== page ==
As a final comment to your question about moving using other half steps, there are only 2 half steps in the Major scale so your only options are 7-->8 and 4-->3. This is present in the V7-->I chord change. If you want to stay "in key" you don't have other options but you can always use chromatic notes to create more tension. A common progression is I--> I#(dim)-->ii-->ii#(dim)-->iii-->IV or some variant of this. It creates a slow, smooth, chromatic walk up from the I to the IV that contains some feel of resolution in it.

So, you can do what you want in a creative sense but there is a tested method to making this work.

The third (essentially major third) of V is called the leading note/tone for that very reason. It leads. more often than not, and sounds like it should, if It doesn't (!) to the root note of I.

Often the 'tension/release' involves movement of a semitone - the smallest step in Western music. In the V(7)>I, named the perfect cadence, there's another semitone step. That's between the 7th of the V chord - in key C, the note F - which resolves nicely downwards to the defining third of C, the I chord.

There's also another downward resolution which involves the Vb9 chord, G b9 here. Note - not Gb9, aka F#9, a completely different chord. Sometimes it's written G7b9 to avoid ambiguity. The b9 part of G7 is Ab, which again has a semitone to move to the G note (5 of root C).

There's another interesting cadence tritone substitution, which involves a move from Db7 to C. Db7 is made up from Db, F, Ab and B, and you'll notice an F and a B in there. The two pivot notes which in key C are involved in G7! That chord also uses the leading note to get back to tonic, root I.

Considering C major as the key, notes G B D represent chord G, which functions as the dominant V chord. As a dominant, tension is high and tends to go to a tonic function chord like C. Notes B D F is chord Bdim, that functions as the VII grade which also happens to be dominant. B is half-step from the tonic C, this might be the reason why these 2 chords tends to go back to C and release tension.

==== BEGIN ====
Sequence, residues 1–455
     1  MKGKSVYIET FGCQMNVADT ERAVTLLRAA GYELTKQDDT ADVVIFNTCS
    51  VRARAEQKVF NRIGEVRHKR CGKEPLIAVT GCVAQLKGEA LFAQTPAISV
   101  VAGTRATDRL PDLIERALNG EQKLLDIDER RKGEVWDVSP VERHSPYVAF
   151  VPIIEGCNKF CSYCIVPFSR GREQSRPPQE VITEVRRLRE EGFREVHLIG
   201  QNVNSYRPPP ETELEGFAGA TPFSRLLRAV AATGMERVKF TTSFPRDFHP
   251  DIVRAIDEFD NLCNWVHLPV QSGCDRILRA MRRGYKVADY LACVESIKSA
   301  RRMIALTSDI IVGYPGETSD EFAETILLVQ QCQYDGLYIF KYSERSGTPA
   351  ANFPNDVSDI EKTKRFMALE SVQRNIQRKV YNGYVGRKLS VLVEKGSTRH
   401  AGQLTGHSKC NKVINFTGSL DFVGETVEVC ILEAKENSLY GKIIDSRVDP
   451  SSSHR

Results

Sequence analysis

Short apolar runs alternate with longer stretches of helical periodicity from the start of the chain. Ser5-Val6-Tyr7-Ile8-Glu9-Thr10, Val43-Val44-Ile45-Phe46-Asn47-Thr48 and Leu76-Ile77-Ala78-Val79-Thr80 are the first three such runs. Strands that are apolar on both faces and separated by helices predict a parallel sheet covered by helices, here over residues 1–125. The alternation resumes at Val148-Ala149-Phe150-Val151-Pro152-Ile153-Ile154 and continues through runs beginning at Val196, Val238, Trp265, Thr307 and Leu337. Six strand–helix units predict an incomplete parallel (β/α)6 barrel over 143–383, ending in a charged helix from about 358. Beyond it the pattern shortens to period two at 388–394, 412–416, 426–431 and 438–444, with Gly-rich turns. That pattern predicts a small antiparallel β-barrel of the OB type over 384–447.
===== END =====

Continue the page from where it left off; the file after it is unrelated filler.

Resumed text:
However, there is another chord that also has B, that is Em (E G B) which is grade III and works as mediant. The reason for not being classified as dominant might be because it shares 2 of the 3 notes with the tonic C chord (E and G). This is an example where a regular chord with B might not create much tension.

As there's been no response to a couple of perfectly good answers, shall I try saying much the same thing in a different way?

Within the context of C major tonality, B is the leading note, with a tendency towards resolving on C. This tendency is reinforced by including it in a G major chord - G, the dominant note - also has a tendency towards C - the tonic. If we add an F - a tritone interval from B - forming a G7 chord, the tendency becomes even stronger as the F tends towards E, part of the tonic chord.

But yes, the B can go to other places. Music is full of both expected movements - 'resolutions' - and unexpected ones. Many of the unexpected ones will involve a move away from C major. For instance, G7 (B melody) could resolve to A major (C# melody).

Or we could take advantage of the symmetrical nature of the tritone to harmonise F-B not as part of a G7 chord but as part of Db7 (better call the B a Cb though!). F will become the leading note of Gb major.